Your Guide to Pain Relief for Surgery

Anaesthesia and Pain Relief during Surgery

  

Very few of us enjoy the sensation of discomfort. From head aches to period cramps, we loath them, and heavily rely on trusting pain killers for quick relief. It's no surprise then, that the fear of pain following surgery is one that is very much high up on the list. In fact, it's not uncommon for individuals to ultimately decide against cosmetic surgery for this reason alone.

Let's face it, pain is an inevitable reality for those who choose to undergo life changing procedures. The good news is, it is indeed possible to help manage and control the experience, keeping discomfort to a minimum and no longer then necessary. In today's blog post, we cover the medication's that may be used during your surgery, and offer options of pain relief to help you cope during those first unrestful days.

During your pre-op assessment, the anaesthesiologist will take details of your medical history to help determine which form of anaesthesia, method of administration and dose will be required for your surgery. It is important to be clear and honest in order to decide the safest options for your current health. The anaesthesiologist will make note of any existing conditions or illnesses, supplements and vitamins, personal factors such as your BMI, any allergies, and of course the procedure(s) you will undergo.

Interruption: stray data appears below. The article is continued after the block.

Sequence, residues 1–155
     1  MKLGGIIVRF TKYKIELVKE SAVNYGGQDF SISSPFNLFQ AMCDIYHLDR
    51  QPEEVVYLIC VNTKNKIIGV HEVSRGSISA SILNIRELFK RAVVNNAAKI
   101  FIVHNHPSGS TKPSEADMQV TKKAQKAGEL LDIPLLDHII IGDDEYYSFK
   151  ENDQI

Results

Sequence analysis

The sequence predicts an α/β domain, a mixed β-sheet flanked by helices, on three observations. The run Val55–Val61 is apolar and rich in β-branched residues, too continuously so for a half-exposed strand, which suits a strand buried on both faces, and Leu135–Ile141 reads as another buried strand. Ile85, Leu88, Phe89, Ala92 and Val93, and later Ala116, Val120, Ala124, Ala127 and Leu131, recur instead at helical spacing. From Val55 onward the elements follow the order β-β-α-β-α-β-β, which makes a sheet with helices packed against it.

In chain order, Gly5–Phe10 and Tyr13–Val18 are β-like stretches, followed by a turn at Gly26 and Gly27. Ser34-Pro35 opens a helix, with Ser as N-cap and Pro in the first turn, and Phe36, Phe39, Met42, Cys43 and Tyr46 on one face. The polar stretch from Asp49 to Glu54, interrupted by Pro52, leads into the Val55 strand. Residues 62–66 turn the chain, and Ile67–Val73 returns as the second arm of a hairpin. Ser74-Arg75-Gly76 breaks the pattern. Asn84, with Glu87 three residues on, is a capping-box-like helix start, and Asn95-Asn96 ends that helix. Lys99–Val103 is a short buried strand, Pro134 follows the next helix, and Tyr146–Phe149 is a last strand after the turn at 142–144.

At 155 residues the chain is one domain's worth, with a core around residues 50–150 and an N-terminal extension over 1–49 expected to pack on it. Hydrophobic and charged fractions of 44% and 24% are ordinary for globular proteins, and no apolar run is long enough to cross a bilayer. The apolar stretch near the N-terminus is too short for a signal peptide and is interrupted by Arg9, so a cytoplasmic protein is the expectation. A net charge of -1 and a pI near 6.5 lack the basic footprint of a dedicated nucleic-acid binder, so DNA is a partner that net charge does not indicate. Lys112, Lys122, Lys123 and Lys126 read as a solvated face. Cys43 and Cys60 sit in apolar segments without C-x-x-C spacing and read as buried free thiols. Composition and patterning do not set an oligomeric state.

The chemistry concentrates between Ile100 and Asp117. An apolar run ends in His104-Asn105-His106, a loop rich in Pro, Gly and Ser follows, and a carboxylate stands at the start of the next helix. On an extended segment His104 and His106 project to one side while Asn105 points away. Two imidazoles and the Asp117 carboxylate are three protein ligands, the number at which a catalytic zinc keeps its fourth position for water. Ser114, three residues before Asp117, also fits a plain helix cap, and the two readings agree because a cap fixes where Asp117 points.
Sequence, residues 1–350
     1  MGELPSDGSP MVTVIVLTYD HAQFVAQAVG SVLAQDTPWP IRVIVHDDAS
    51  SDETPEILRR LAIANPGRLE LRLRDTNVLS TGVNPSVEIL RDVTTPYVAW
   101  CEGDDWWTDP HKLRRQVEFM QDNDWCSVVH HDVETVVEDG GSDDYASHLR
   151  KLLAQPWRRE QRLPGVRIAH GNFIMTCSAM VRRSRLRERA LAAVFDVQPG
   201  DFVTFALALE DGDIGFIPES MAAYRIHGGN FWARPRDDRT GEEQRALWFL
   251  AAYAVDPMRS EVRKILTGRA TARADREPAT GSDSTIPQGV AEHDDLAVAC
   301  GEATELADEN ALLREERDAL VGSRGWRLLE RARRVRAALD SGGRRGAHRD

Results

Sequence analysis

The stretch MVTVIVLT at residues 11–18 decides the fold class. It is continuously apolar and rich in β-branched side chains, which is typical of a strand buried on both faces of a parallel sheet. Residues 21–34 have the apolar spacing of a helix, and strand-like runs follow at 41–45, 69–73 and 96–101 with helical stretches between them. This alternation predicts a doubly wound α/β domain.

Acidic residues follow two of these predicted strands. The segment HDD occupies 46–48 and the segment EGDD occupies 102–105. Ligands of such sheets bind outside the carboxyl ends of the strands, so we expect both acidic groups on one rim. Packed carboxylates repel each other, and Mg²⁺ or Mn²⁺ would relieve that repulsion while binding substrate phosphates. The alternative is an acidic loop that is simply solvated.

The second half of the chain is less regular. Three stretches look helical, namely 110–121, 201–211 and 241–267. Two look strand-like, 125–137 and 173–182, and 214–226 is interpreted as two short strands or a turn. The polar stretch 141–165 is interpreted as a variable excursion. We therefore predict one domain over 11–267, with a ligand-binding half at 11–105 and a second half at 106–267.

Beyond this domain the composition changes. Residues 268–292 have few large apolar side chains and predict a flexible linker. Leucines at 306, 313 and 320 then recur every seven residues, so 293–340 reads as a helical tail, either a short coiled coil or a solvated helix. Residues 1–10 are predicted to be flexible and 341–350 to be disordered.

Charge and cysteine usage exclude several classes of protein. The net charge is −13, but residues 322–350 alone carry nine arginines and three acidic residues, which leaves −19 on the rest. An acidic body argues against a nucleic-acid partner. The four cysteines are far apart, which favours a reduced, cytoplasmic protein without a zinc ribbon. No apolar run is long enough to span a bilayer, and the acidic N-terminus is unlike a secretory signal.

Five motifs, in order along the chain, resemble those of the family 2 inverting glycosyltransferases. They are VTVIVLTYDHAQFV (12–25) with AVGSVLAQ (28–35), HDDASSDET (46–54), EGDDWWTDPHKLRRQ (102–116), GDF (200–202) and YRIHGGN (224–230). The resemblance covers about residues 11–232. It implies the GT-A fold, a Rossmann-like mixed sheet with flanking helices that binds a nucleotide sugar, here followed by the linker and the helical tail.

Drugs During Surgery 

Although not technically pain relief, it is important to be familiarise yourself with the drugs that are administered during surgery. This helps to understand and anticipate how your body may react right after and during the recovery period.

Sedation

 A sedative (a sedation medication) is administered with the purpose of eliminating agitation and anxiety ahead of a surgical procedure. This puts the person in a state of drowsiness but allows the person to stay awake. Levels of sedations can be classed as minimal, moderate and deep. Depending on the level of sedative, individuals may or may not have recollection of the event once the sedative has word off. Even with a deep sedative, there is level of conscienceless unlike general anaesthesia. Sedations are often used for minor or short operations where anaesthesia isn’t necessary, or to calm nerves ahead of  more extensive and complex ones. It may be administered via an IV (intravenous therapy) directly placed into the vein, intramuscular injection or ingested orally. As with all medication, side effects may effect some people. These may include, feeling sluggish, headaches, low blood pressure and nausea. Some examples of popular sedatives are; Ativan (lorazepam), Vallum (diazepam) and Versed (midazolam).